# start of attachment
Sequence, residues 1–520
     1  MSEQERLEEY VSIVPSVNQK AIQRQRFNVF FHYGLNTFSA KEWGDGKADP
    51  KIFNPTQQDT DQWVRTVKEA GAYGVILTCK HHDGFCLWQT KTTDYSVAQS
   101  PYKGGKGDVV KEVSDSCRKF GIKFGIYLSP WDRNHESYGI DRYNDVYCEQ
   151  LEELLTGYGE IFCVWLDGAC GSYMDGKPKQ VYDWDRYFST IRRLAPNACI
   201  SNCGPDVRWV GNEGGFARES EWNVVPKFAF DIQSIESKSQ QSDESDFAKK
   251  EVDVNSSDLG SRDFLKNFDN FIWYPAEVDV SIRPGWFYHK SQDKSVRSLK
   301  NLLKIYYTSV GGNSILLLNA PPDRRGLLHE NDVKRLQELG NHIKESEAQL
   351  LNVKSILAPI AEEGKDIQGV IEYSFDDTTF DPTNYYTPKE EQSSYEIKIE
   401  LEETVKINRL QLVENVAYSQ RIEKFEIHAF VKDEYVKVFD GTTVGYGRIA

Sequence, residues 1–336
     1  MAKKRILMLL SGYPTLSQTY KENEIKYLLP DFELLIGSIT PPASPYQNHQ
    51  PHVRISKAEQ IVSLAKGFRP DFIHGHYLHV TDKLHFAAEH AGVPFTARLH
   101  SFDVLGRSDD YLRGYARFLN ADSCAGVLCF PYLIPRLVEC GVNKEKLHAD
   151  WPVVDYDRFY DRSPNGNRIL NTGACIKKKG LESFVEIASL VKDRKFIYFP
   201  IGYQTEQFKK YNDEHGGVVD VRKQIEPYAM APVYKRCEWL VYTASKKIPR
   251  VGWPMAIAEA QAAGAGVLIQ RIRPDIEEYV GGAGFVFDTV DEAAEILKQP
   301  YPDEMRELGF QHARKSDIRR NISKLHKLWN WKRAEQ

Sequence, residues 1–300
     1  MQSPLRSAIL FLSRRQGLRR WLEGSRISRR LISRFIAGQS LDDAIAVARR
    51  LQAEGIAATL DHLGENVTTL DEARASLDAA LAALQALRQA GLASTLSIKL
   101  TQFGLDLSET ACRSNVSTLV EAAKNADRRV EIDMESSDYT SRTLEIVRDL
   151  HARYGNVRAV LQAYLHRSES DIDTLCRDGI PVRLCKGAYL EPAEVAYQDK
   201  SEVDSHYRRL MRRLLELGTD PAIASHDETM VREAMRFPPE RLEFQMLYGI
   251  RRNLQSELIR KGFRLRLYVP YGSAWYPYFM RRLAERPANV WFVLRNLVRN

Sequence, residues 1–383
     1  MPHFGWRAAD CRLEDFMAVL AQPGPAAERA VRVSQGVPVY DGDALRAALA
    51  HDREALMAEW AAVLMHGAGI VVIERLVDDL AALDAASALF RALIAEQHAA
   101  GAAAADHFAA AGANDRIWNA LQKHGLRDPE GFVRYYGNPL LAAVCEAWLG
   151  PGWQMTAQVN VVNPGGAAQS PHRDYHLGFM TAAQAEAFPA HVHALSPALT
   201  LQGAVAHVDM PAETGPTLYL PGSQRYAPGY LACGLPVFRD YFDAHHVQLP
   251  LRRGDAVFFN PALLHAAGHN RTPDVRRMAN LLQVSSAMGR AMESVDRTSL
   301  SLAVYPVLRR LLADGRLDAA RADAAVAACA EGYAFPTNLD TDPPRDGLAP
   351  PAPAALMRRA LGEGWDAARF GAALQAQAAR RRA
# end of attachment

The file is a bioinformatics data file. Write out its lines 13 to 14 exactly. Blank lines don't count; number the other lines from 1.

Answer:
    51  PHVRISKAEQ IVSLAKGFRP DFIHGHYLHV TDKLHFAAEH AGVPFTARLH
   101  SFDVLGRSDD YLRGYARFLN ADSCAGVLCF PYLIPRLVEC GVNKEKLHAD